(a) ABIDE accuracy
(b) ABIDE AUC
(c) ADNI accuracy
(d) ADNI AUC
Figure 2: Comparative boxplots of the classification accuracy and area under curve (AUC) over all cross validation folds for the (a, b) ABIDE and (c, d) ADNI databases (MCI conversion task). The red dots correspond to the mean value.

4 Discussion

In this paper, we introduced the novel concept of graph convolutions for population-based brain analysis. We proposed a strategy to construct a population graph combining image based patient-specific information with non-imaging based pairwise interactions, and use this structure to train a GCN for semi-supervised classification of populations. As a proof of concept, the method was tested on the challenging ABIDE and ADNI databases, respectively for ASD classification from a heterogeneous database and predicting MCI conversion from longitudinal information. Our experiments confirmed our initial hypothesis about the importance of contextual pairwise information for the classification process. In the proposed semi-supervised learning setting, conditioning the GCN on the adjacency matrix allows to learn representations even for the unlabelled nodes, thanks to the supervised loss gradient information that is distributed across the network. This has a clear impact on the quality of the predictions, leading to about 4.1% improvement for ABIDE and 10% for ADNI when comparing to a standard linear classifier (where only individual features are considered).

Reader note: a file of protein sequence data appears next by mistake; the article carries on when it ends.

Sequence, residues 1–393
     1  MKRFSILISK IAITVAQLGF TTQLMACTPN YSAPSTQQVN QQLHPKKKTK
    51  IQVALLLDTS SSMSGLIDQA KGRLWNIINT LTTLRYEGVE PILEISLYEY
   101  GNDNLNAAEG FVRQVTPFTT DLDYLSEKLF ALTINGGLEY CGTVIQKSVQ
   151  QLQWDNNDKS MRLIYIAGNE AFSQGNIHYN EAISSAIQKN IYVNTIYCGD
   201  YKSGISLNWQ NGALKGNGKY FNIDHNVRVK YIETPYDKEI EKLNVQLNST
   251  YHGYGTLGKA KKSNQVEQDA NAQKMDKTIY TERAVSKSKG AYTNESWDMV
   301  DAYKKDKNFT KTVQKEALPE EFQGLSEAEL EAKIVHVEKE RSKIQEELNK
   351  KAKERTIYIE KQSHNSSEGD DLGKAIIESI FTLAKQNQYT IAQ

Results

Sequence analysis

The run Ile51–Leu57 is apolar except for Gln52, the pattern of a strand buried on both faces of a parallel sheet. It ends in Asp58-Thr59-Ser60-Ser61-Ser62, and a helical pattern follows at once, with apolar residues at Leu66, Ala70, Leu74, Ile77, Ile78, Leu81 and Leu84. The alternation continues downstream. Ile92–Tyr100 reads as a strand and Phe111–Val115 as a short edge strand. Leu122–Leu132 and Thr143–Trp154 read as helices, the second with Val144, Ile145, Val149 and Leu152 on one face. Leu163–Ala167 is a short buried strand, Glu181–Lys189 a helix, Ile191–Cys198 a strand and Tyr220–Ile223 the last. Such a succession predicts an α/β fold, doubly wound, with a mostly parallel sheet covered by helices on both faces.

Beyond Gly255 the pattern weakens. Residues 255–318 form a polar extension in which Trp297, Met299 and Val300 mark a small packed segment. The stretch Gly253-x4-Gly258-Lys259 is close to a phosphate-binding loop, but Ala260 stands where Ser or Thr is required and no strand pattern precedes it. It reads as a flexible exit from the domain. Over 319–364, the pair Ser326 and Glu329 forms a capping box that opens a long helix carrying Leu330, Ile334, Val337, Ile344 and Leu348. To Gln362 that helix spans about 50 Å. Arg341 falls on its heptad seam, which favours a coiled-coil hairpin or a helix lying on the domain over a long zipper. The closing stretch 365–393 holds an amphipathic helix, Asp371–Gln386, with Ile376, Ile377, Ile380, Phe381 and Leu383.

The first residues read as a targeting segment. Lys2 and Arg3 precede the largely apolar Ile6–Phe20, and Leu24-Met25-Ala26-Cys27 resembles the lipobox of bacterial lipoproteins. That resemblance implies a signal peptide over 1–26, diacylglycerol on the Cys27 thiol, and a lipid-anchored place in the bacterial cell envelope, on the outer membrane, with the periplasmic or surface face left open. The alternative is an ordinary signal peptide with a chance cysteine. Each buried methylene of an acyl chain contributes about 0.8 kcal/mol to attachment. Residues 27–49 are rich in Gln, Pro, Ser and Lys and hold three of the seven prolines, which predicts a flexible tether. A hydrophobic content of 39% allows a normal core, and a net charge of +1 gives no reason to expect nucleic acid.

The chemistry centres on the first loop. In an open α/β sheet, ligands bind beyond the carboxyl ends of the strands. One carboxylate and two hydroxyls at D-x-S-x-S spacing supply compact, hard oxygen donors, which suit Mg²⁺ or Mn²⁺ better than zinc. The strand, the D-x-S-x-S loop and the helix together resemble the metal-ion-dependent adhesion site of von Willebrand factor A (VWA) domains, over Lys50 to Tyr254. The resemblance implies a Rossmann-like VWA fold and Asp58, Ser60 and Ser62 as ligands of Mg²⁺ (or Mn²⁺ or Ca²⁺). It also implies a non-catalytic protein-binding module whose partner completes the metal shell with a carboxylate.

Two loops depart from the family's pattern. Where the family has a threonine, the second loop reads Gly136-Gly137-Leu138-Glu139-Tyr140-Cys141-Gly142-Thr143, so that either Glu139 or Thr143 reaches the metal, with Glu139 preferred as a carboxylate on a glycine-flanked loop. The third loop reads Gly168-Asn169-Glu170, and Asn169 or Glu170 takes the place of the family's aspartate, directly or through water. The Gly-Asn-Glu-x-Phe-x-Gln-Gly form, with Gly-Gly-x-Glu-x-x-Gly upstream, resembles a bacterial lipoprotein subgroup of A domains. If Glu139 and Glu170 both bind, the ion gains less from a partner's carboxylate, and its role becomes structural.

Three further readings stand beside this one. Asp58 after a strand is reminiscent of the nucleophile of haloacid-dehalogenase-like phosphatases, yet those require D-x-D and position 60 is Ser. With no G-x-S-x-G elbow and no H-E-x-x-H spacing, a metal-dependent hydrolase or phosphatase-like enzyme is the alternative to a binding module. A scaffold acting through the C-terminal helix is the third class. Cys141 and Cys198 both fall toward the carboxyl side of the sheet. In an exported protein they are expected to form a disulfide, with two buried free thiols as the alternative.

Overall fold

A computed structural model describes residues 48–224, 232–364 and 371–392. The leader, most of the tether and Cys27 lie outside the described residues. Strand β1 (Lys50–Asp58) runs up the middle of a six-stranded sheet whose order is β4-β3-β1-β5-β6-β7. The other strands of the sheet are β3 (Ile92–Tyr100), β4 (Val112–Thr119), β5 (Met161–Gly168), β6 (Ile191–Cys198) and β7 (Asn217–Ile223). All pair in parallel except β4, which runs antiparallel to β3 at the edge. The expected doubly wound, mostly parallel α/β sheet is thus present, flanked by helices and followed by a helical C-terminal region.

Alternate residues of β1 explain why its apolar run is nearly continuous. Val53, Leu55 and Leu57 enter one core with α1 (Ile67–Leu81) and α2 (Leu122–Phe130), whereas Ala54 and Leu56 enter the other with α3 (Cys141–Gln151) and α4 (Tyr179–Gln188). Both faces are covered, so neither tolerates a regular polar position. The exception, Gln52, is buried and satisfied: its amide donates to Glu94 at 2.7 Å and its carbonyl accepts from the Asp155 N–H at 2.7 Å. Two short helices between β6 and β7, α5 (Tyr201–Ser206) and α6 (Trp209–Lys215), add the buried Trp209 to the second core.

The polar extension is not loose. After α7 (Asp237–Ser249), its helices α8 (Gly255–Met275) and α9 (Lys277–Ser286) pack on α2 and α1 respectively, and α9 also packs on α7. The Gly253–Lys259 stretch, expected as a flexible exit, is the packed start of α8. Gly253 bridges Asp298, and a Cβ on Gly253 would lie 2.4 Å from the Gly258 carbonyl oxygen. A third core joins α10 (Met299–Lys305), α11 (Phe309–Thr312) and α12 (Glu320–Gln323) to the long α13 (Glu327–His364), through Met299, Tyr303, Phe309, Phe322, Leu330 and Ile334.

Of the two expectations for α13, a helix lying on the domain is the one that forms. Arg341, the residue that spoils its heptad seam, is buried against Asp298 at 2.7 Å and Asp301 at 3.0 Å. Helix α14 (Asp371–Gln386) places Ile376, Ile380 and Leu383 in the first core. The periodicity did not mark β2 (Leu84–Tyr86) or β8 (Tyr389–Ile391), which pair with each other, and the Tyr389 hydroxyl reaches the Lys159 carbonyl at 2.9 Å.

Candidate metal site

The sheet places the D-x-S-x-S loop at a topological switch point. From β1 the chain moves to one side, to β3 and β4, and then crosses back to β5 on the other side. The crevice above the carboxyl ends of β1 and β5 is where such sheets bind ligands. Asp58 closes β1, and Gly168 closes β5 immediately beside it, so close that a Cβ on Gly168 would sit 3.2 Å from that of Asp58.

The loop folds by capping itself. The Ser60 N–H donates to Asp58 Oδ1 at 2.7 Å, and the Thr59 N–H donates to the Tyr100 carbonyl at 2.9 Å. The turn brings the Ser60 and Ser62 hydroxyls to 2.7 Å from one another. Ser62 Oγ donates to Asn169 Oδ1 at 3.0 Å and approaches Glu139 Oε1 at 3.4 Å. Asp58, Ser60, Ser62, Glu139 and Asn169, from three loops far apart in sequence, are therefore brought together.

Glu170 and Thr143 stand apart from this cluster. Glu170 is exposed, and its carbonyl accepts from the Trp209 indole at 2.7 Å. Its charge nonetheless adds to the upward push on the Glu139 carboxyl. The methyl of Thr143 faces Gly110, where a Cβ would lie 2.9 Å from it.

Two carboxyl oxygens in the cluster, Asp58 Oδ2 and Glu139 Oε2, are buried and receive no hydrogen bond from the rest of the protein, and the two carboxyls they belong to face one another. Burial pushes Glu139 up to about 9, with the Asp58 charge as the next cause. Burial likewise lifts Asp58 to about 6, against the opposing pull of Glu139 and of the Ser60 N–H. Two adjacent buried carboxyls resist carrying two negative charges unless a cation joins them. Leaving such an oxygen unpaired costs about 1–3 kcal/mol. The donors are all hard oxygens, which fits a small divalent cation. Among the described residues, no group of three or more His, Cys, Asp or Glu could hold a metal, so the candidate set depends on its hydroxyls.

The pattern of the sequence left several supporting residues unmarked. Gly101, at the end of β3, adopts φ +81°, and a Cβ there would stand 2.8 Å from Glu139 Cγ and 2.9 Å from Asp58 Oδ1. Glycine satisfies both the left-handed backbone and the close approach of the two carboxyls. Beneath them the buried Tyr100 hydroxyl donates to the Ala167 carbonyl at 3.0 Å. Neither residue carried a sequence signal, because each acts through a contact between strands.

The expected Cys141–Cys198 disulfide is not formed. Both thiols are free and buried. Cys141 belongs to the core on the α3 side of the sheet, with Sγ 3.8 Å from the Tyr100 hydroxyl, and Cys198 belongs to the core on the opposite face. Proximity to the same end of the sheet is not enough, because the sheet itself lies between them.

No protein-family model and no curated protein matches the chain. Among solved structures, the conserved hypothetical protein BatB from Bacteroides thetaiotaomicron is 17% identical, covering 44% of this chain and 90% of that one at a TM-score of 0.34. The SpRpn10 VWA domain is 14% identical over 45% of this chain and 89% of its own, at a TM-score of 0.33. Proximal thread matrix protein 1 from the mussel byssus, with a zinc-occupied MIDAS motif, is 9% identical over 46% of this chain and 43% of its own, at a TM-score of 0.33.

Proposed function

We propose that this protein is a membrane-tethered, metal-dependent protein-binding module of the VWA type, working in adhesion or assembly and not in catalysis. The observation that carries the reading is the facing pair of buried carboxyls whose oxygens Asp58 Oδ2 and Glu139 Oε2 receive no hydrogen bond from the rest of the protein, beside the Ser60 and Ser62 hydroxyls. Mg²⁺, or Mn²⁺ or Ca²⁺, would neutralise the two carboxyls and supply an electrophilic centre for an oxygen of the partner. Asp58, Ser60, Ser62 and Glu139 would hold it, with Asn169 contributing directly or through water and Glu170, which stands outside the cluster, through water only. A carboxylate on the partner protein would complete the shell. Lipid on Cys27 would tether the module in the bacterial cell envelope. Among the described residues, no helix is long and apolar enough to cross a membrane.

Several extensions could be considered for this work. Devising an effective strategy to construct the population graph is essential and far from obvious. Our graph encompasses several types of information in the same edge. An interesting extension would be to use attributed graphs, where the edge between two nodes corresponds to a vector rather than a scalar. This would allow to exploit complementary information and weight the influence of some measures differently. Integrating time information with respect to the longitudinal data could also be considered. Our feature vectors are currently quite simple, as our main objective was to show the influence of the contextual information in the graph. We plan to evaluate our method using richer feature vectors, potentially via the use of autoencoders from MRI images and rs-fMRI connectivity networks.